After more than four years, a few tears and a lot of cheers, Chatter Creek can now consider itself a success story with many more chapters to be written. Rawson is producing about 1,800 cases of wine in his tiny home winery, and it’s hard to imagine much more of an expansion. Still, who knows, maybe one day Chatter Creek will become another of those “Disneyland” temples to wine. I sure hope not.

Chatter Creek is open to visitors on the first and third Saturday of each month from 11:00 a.m. until 4:30 p.m. During that time you may tour, taste or buy the wines. Chatter Creek is at 620 NE 55th St., Seattle. Call 206-985-2816 or visit www.chattercreek.com.

Jeff Wicklund, wine consultant and writer, is the proprietor of Colby Hospitality in Everett. He can be reached at 425-317-9858, or wick@colbyhospitality.com.

Here’s how to reach us.

The winery phone number is (206) 985-2816

The address is 620 NE 55th St. Seattle, WA 98105

Chatter Creek wines

Chatter Creek 2002 Syrah Jack Jones Vineyard, Columbia Valley $20 From the Jack Jones Vineyard on the Wahluke Slope, this syrah is rich and intense. It starts a bit shy but opens in the glass with a savory nose dominated by bay leaf, rosemary, blueberry and roasted coffee. The first taste is full of blackberry, black plum, grilled meats, dark chocolate and mocha notes, then unfolds to a lingering, port-like finish.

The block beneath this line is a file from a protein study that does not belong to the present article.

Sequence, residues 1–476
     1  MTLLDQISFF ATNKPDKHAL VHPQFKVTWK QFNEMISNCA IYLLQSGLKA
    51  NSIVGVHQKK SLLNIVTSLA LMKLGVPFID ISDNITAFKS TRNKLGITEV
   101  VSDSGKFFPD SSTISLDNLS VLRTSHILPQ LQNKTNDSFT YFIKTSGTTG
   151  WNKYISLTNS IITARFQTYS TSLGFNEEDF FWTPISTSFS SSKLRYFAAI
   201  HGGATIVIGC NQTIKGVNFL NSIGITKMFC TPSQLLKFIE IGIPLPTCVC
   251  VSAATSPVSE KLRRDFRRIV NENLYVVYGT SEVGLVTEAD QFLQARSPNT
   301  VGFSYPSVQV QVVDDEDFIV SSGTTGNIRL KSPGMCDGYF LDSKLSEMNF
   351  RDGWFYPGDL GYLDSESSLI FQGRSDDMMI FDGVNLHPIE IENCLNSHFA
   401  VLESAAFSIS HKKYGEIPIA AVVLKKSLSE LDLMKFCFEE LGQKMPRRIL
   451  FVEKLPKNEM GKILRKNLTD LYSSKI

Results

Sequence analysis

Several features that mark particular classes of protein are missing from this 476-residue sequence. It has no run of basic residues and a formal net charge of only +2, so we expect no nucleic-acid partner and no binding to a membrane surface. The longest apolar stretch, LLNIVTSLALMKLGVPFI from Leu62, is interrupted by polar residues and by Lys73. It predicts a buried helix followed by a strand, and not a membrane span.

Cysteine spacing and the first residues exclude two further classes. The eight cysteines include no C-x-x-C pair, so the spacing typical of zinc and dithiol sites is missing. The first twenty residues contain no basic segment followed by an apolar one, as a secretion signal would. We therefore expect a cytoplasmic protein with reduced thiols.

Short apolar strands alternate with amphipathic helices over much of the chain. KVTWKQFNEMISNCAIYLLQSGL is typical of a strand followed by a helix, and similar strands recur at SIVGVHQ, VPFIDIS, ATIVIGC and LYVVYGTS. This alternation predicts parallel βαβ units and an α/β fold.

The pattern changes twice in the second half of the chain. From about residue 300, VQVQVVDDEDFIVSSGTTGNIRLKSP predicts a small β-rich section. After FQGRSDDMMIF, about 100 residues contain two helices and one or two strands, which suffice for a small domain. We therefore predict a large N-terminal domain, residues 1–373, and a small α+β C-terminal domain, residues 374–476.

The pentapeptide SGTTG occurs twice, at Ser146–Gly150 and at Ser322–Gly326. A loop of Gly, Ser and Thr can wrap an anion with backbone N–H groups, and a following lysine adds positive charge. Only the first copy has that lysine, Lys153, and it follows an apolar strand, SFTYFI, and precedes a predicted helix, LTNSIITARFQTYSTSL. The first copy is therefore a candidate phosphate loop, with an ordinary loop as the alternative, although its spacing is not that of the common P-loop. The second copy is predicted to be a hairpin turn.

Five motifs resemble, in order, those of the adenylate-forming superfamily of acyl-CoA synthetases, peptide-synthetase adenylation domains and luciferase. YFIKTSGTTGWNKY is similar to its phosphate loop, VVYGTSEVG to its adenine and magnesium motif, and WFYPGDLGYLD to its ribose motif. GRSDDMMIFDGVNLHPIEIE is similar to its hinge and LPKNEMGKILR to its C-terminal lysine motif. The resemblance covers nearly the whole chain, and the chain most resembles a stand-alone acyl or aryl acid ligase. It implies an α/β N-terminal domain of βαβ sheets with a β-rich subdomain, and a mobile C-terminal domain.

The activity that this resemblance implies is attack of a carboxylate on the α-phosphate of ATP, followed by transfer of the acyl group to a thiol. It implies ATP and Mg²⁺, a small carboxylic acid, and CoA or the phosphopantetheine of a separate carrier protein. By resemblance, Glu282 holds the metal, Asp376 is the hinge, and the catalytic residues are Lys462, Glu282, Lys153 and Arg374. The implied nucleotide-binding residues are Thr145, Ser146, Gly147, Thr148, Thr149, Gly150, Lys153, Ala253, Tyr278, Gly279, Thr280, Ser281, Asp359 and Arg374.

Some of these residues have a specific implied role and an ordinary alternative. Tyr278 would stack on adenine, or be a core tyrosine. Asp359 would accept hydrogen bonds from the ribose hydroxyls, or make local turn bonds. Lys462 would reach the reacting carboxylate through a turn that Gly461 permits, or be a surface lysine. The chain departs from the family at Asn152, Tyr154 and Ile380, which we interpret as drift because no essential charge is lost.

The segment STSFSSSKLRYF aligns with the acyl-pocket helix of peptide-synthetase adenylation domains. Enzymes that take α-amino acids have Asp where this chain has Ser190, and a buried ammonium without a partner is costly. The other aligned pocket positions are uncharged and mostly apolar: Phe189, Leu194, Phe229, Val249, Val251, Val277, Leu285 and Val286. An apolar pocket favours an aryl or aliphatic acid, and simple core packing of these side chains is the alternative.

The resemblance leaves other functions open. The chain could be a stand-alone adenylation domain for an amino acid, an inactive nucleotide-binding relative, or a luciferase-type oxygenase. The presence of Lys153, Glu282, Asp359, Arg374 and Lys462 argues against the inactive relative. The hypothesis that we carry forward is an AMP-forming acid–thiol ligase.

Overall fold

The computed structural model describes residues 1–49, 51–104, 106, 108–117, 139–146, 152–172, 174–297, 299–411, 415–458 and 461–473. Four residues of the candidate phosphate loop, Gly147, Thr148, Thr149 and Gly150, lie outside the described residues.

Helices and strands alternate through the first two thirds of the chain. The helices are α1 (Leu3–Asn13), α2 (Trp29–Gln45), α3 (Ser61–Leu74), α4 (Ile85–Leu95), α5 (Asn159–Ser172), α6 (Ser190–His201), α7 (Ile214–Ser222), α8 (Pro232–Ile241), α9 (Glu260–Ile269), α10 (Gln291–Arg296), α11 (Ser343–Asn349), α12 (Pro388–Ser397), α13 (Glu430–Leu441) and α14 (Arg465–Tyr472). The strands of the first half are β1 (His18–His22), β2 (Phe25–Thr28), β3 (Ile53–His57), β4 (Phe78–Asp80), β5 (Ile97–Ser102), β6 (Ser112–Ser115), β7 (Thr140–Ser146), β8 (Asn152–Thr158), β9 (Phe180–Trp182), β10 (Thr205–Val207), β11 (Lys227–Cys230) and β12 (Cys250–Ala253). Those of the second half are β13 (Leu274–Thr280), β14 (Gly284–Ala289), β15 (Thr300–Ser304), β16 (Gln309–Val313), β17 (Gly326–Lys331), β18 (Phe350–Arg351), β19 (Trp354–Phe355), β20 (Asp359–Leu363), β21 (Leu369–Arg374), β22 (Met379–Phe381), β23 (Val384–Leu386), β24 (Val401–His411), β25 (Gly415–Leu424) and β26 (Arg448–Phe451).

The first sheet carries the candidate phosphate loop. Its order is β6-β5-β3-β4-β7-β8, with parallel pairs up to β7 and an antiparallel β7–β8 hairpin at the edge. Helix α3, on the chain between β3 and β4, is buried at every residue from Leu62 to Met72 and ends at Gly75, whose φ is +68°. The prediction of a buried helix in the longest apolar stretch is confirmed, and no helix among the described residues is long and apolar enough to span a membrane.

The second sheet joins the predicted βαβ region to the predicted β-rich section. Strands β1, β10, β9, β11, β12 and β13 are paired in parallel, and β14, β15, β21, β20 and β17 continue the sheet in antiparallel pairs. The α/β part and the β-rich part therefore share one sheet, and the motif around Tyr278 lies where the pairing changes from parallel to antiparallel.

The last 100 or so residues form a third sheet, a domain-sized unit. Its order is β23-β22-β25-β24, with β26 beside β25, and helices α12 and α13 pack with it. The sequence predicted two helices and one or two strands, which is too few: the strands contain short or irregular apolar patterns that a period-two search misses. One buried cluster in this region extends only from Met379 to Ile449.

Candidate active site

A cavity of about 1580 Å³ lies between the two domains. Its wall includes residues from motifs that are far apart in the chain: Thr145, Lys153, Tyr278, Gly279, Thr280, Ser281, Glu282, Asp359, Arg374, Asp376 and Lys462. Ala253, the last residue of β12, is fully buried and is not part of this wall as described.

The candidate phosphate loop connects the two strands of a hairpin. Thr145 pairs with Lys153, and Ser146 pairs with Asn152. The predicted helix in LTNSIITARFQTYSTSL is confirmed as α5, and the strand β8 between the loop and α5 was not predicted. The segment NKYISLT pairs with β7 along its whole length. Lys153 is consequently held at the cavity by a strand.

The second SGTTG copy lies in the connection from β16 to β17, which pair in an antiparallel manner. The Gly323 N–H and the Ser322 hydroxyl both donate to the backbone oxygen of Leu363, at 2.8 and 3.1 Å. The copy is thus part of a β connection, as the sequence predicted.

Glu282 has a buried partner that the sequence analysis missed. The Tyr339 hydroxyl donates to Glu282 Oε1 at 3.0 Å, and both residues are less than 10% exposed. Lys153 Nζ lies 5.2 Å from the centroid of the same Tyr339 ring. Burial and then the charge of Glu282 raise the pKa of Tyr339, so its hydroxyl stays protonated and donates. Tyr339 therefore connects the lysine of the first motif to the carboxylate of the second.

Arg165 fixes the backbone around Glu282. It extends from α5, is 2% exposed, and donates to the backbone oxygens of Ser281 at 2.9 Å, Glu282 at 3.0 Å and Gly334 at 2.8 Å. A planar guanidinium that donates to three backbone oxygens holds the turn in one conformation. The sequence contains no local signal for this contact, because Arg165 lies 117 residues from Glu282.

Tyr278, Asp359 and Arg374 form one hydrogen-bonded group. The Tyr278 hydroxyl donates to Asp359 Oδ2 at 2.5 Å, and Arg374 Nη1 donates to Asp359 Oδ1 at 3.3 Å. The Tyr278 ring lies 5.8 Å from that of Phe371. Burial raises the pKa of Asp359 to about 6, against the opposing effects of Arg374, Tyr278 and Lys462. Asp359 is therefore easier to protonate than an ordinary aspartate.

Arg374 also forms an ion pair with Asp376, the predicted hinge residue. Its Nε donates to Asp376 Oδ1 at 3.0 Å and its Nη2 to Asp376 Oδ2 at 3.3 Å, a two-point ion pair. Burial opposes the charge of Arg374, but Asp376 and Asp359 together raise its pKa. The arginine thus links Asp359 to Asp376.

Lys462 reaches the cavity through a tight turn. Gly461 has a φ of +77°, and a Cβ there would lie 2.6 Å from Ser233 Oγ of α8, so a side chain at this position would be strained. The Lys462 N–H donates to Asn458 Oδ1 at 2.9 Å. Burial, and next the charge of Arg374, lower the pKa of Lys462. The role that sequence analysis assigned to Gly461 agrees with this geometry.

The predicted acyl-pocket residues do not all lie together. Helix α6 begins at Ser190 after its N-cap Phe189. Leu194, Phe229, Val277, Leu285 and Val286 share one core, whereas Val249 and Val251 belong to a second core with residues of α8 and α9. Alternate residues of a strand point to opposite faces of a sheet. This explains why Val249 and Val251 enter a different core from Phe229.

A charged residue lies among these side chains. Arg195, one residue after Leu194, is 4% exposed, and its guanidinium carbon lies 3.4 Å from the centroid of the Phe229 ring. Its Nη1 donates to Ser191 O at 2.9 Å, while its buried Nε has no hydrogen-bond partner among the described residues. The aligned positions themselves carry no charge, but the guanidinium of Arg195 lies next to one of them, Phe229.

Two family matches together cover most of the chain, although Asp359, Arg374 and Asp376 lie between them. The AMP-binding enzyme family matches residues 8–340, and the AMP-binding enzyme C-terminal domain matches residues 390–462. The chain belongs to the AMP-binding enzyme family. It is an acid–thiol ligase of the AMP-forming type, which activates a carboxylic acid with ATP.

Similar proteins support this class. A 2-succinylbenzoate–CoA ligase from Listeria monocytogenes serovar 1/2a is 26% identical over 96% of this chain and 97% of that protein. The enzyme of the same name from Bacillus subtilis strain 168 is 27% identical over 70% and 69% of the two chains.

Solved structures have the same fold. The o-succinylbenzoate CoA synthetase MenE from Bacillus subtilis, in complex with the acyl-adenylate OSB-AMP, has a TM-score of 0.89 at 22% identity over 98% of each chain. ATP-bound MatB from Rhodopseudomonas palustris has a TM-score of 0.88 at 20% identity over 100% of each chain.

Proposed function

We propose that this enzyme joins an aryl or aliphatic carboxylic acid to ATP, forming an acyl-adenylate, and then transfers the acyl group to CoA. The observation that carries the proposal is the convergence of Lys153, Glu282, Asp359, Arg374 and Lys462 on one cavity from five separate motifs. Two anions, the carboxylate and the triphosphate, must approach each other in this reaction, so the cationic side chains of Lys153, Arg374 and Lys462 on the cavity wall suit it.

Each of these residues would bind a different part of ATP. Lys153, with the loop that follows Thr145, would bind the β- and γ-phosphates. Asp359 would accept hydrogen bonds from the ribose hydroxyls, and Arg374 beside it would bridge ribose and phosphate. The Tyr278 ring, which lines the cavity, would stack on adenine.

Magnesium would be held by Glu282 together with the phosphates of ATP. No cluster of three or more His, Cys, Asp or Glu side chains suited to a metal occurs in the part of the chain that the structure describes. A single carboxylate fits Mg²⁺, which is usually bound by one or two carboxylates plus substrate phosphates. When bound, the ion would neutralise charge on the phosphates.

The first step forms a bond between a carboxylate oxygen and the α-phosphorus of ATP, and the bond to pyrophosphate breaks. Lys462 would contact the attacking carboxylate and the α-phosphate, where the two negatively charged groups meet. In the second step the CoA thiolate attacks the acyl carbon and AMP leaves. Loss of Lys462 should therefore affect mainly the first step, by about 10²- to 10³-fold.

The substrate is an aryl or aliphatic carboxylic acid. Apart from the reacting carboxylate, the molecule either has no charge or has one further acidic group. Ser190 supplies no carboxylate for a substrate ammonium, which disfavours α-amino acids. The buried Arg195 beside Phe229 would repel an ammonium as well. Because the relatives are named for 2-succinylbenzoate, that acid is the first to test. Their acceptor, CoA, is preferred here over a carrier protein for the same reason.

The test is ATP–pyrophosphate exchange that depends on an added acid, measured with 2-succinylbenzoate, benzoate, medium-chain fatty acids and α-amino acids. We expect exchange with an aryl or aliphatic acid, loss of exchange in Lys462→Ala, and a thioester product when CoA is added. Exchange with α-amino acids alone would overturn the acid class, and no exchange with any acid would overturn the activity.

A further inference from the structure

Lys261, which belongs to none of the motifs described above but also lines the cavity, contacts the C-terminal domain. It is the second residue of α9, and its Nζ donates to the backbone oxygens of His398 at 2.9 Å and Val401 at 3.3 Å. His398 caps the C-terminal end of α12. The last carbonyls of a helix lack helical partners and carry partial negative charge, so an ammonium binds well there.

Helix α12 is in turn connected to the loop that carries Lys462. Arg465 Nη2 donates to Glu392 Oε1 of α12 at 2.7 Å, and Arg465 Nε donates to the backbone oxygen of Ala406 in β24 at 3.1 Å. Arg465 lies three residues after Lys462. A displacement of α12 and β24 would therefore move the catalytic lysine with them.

Chatter Creek 2002 Syrah Lonesome Springs Ranch, Yakima Valley $20 The fruit qualities from Lonesome Spring, a newer vineyard near Benton City, are dark and rich. Blackberry, sage and white pepper come out on the nose with time in the glass. Tastes of rich black plum, blackberry, cassis, and rosemary. Firm tannins maintain balance, and the long finish ends with a silky hint of toasted nuts.

Chatter Creek 2000 Cabernet Sauvignon Alder Ridge Vineyard, Columbia Valley $20 This stylish blend of cabernet sauvignon, cabernet franc and merlot shows dark purple with some ruby on the rim, and its bright nose blends complex floral notes of gardenia, rose petal and cherry blossom. Flavors of plum, black cherry, mineral, cassis and cedar lingers, and a soft, creamy finish captures the heat of the vintage, leaving you satisfied yet ready for more.

Chatter Creek 2002 Cabernet Franc Alder Ridge Vineyard, Columbia Valley $16 Riper and more forward than the 2001, the 2002 Cabernet Franc sparkles with bright, deep garnet color with a nose of violets, blueberry and black cherry. On the palate it warms to plummy cherry and blueberry fruit with fresh acidity. The finish is framed by notes of toasted almonds and vanilla bean. Traditionally a Bordeaux blending grape, this cabernet franc deserves not only to be bottled by itself but also could serve as your whole meal.

Chatter Creek 2003 Pinot Gris Evergreen and Minick Vineyards, Columbia Valley $12 This wine shows pear, apple and tropical fruits on the nose with mixed melons, pit fruits, citrus and flint on the palate. Since this wine didn’t undergo malolactic fermentation, the bright acidity supporting its long, clean finish is preserved.